Locust House Variations, A Weekly Fiction Column by Adam Gnade, The Quality of the Light

I sit on the curb reading the new issue of CityBEAT while Joey Carr smokes crystal in the back of Kurt’s van. The sun is setting over Downtown, and from the Broadway hill it’s a wide, sweeping, panoramic view of the harbor and the airport, the silver gray office buildings with the light of dusk shining off them and the streets of the Gaslamp and the new ballpark they’re building. I can hear Kurt and Joey laughing inside the van which is the color of coffee with creme in it and across the middle it has a thin orange stripe just for looks.

I fold the copy of CityBEAT into a square and stick it under my head for a pillow as I lie back in the grass, crosslegged at the ankles, my sneakers in the gutter.

The breeze that blew hard all morning quit a few hours ago and the air is light, so light you don’t feel it on your skin.

Today is the first of winter in San Diego and it’s just like any other day–warm, a vast blue sky empty of clouds and lined white with the cottony streaks of jet contrails; the smell of many good things coming from the taco shop next to 7-Eleven and the smallest scent of dryer sheets from the laundromat next to Humberto’s.

My grandfather once worked on an earth-moving crew clearing hills and woods for housing developments, parking lots, and shopping malls. Occasionally they would find the petrified bones of an ancient mammoth and work would cease until a team from the Smithsonian drove out to dig it up and take it away. They found human remains too–native burial grounds, and that meant work stopped for a while, if not for good. Mostly the work continued.

At one point his crew dug up the site of a battle. Arrowheads. A broken cavalry sword. Rusted belt buckles. Splintered ribs. Skulls bashed in with a rifle butt or shot clean through with a bullet.

The dry crab grass under my back poking through my thin black t-shirt, I think of those skulls like I often think of the stories my grandfather told.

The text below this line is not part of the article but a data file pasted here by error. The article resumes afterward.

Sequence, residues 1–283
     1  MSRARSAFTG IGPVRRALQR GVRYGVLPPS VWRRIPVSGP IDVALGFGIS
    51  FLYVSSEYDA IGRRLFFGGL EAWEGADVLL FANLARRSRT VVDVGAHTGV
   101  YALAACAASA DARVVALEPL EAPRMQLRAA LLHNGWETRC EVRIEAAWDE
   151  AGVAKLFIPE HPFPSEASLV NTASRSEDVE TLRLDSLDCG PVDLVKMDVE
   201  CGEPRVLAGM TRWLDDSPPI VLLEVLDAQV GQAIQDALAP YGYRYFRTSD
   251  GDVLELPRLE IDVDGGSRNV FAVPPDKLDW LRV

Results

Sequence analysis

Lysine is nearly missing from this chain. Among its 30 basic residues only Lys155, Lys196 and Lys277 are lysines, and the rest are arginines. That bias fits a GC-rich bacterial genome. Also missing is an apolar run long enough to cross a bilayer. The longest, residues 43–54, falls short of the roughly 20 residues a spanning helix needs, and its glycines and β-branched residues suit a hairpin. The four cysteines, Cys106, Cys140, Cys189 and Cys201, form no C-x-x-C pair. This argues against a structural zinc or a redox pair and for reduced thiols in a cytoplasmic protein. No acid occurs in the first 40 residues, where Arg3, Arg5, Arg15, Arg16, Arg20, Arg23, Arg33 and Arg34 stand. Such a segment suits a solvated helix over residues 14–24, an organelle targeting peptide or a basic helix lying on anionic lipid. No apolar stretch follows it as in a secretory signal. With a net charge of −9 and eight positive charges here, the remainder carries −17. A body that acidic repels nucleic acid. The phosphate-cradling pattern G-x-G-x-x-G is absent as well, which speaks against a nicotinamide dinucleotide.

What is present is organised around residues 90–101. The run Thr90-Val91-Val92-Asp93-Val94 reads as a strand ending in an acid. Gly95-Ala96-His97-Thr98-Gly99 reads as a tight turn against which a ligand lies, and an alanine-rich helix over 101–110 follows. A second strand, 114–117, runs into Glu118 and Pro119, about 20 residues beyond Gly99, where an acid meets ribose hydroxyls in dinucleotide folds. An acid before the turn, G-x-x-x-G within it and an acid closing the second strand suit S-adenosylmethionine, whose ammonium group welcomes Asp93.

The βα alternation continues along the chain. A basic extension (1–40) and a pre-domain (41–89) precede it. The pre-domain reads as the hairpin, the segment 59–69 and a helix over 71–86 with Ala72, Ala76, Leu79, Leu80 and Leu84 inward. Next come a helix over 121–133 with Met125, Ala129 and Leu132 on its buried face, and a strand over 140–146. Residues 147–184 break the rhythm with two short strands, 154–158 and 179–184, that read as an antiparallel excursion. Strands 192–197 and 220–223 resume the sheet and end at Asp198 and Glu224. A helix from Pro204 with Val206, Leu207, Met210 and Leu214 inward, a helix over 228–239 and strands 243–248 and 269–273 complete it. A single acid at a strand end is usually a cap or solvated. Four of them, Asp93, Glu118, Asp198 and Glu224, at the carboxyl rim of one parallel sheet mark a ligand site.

What is below the earth here? What might I be lying on? Can you still smell the blood that was spilled? Who died where I now live?

I have been thinking of killing myself all week–the voice, the voice that is not quite my own telling me to quit.

A whisper.

Just quit.

At that moment the van door slides open and Joey climbs out, grinning, jittery, his eyes intense and bright and watering at the edges.

“Where we going now?” he asks, scratching the back of his head, raking his black-painted nails across his scalp. “You wanna go see somebody or do something or maybe we should … we could walk down to the harbor or–”

I cut him off and tell him walking down to the harbor sounds just fine, that maybe we could get something to-go at Pokez or grab a beer somewhere or catch a bus up to Mandarin Dynasty. He agrees though I know he won’t eat. When Joey’s doing a lot of meth he goes days without eating. When he’s off the stuff he’s voracious; eats out four times a day, big breakfast, a long lunch, dinner, then late-night quesadillas at La Posta or El Cotixan up in Clairemont.

We walk down the Broadway hill together over all the bones in the earth and the skulls with bullet holes shot through them and the blood leaked from countless bodies in a wild spiral of years, Joey talking a mile minute, pointing out cars that drive past, singing bits of songs, quoting ’80s movies, commenting on the quality of the light. –Adam Gnade